Head & Neck Surgery


  • Branchial fistula/ sinus is a congenital anomaly i.e. present from birth due to persisitence of branchial apparatus remnants.
  • This is a tiny hole in the lower part of the neck formed by incomplete closure of the second branchial arch. The sinus is frequently associated with a track running up the neck, often as high as the posterior pillar of the fauces in the pharynx (so forming a branchial fistula).
  • The condition is normally observed in children, most often in the first year of life. It presents as a small orifice discharging mucous in the anterior border of the sternomastoid, one-third of the way up from the muscle's origin.
  • Treatment is surgical excision, dissecting the fistula out as high as possible. More than one incision may be necessary despite the presence of a single, small hole observable as depicted in the following operative procedure:-
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  • Glomus vagale tumor arises from paraganglia in and around the Xth Cranial Nerve or Vagus nerve.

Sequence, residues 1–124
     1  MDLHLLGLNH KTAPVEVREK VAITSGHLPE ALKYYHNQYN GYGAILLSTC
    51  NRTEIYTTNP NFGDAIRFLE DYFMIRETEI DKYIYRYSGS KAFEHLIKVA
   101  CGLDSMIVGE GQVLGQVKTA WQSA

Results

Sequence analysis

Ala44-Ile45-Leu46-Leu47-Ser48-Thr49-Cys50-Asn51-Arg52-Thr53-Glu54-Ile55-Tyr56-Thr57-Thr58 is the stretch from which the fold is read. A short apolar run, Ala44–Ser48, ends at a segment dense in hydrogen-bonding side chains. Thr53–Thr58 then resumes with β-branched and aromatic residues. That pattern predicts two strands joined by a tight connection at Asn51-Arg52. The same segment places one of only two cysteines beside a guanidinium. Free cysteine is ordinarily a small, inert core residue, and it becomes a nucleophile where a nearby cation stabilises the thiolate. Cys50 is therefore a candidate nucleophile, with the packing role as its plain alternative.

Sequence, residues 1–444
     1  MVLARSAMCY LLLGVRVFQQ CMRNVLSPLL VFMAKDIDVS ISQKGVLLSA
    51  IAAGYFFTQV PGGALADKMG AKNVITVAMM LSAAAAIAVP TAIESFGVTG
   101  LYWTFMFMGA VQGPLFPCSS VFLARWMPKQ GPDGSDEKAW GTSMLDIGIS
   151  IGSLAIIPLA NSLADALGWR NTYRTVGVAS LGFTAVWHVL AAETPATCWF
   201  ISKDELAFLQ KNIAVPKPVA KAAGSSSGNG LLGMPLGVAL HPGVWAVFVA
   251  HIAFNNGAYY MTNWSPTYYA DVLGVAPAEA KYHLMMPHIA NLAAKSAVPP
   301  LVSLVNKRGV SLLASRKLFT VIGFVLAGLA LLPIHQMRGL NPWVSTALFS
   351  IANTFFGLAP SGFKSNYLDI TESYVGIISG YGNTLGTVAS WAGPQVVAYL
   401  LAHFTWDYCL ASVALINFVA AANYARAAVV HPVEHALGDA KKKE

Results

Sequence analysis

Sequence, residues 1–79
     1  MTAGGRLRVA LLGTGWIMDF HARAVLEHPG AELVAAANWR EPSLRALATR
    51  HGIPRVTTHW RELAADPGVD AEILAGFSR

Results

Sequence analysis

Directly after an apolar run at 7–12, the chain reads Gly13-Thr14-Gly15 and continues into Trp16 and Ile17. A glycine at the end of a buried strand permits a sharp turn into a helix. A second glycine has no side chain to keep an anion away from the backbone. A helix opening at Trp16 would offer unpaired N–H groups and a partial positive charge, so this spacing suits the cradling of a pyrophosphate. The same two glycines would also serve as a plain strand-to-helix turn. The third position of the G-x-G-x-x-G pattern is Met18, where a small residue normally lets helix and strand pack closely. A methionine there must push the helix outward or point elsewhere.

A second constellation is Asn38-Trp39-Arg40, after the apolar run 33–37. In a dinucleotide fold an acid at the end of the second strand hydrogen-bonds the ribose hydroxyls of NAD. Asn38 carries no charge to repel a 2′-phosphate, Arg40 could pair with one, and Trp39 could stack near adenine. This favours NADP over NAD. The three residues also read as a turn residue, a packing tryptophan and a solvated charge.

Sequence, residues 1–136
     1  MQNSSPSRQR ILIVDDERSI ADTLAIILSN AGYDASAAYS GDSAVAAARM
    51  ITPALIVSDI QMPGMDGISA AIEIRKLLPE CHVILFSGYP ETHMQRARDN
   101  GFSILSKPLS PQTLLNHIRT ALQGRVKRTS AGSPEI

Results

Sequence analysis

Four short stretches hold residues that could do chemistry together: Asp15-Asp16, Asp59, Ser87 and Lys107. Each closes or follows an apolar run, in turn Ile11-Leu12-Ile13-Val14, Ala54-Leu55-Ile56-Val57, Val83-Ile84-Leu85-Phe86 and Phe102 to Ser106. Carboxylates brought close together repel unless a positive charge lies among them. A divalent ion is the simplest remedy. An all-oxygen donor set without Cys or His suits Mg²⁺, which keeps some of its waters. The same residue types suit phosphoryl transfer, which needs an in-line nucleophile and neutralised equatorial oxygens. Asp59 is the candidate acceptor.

• Tumors of the paraganglia are called "paragangliomas," "glomus tumors," and "chemodectomas."
  • Paraganglia are normal structures that develop from the neural crest; they accompany cranial nerves and cluster around cranial nerve ganglia.
  • Most common paraganglioma of neck are Carotid body tumour and next is Glomus Jugulare tumours. Glomus vagale tumours are third common most.
  • Most glomus vagale tumours manifest as painless swelling in neck near angle of lowe jaw bone or mandible.
  • Glomus vagale tumors cause other lower cranial neuropathies: Hoarseness of voice, dysphagia, palatal weakness, and tongue hemiatrophy. Pressure on the cervical sympathetic chain causes Horner syndrome.
  • Embolisation followed by surgery is the best treatment choice.
  • When surgery is not possible then therapeutic embolisation and radiotherapy are best alternatives.
Click here to see Surgical Pictures